Proposed Donations and Contributions community release
Since 1989 it has been written into law that education in New Zealand is to be free for “every person who is not an international student”. The Ministry of Education (MOE) has recently reissued guidelines that reiterate that schools do not have the right to charge any extra costs to provide this education. At the same time the MOE requires schools to provide a curriculum which allows access to ‘the very best in educational opportunities’ (NZ curriculum document).
Funding for schools comes in the form of an ‘Operations Grant’ (money the government provides for running of the school). Because this grant has never been enough to provide the quality curriculum we all want for our children, schools have had to rely on additional funding by requiring parents to pay to ensure they can offer enhanced educational experiences such as camps, field trips, materials for foods and technology, etc. Generally, the school community has accepted these costs as just part of what schools need.
This year our St Peter’s College Operations Grant covered approximately 86% of the total running costs of the school, with 14% coming from parents to cover the costs of their children’s particular programmes.
Minister Hipkins has instructed schools (and you may hear this in the media in the months to come) that they cannot insist parents pay for anything related to the curriculum and if parents choose to pay, it is to be considered a ‘Donation or Contribution’, not a requirement to pay. Importantly, the Minister has not increased the school grant at all for St Peter’s. Schools at decile 7 or below are given an extra $150 per student grant increase (about half of what the average student at this school will use); however as we are decile 8, we are not entitled to any increase what so ever.
(Please note, this description of a donation applies to ‘curriculum-based’ costs only and does not relate to Attendance Dues charged by the Diocese, nor any optional weekend activities such as ski trips, sports tournaments etc.)
Our response as a school
We, along with many other schools, have made plain our feelings to the Minister at a recent Principals’ Conference and suggested if the government wanted a top-quality free education for all NZ children (and we all want that), it needed to pay for it.
We are making sure that our community is aware of the issue so that when they do hear media reports, they have the full picture in which to form an opinion.
While we are concerned that if parents choose not to pay any ‘donations’ towards their children’s course costs next year, the school would begin to accrue some considerable debt due to the shortfall in government funding, we believe we still have a duty to continue to offer every St Peter’s College student the very best in educational excellence.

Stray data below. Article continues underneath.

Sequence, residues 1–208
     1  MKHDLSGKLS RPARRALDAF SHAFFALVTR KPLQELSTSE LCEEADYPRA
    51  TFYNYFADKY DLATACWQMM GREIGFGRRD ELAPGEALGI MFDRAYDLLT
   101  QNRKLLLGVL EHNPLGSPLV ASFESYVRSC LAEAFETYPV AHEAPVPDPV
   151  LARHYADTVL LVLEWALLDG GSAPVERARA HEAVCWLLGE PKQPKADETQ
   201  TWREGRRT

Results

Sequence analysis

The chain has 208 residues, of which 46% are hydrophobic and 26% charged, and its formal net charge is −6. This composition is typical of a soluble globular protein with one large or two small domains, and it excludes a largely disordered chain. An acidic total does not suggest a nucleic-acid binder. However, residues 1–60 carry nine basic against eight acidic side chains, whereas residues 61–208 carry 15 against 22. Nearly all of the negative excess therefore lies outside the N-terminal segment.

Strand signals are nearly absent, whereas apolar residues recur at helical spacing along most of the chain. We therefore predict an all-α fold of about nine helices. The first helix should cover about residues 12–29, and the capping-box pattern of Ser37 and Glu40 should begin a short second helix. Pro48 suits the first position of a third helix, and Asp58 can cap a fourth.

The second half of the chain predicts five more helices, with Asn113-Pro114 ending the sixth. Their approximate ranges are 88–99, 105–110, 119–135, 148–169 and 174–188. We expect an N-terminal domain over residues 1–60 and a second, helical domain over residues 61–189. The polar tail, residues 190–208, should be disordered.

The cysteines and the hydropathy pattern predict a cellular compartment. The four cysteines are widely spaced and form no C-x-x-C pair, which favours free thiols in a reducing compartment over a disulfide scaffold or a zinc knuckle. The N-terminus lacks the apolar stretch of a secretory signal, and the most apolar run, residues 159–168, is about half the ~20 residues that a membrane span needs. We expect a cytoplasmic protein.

We believe our community stands behind us. That parents have sent their children to St Peter’s because they want for them an education with opportunities and access to experiences that will grow their learning and support their development to be the best they can be. Parents do not want a school that is restricted to the classroom, where teachers cannot access resources and opportunities for their students and where potential is not realised due to an inability to offer the curriculum their child deserves.
For this reason, we will continue to offer the same successful opportunities, access and experiences we have always done, and we expect that parents will continue to contribute financially where their children require it for their learning.
The significant upside – there is one!
Because all costs related to school curriculum and learning (ie compulsory, and in-school time activities) will now be known and considered as ‘Donations’, the school office will be able to receipt this as such, and for many of you, a portion of these costs may be claimed back using the IRD Tax Credit Claim Form IR526. (This may differ depending on individual circumstances, so professional tax advise is advised). (The Attendance Dues charged by the Diocese is a legal obligation and not a donation so are not usually tax deductible).
This Government has recently completed a major Review of the NCEA. Essentially there will be fewer ‘Standards’ (the units of work which are assessed and earn students’ credits), but they will be larger in order to cover a similar curriculum. Given that these new standards will need to be re-written (a process which will take 2 – 3 years), the Ministry of Education has included two additional Teacher Only Days, set aside for this purpose. So if you are starting to wonder ‘why so many days off?’, this is the reason.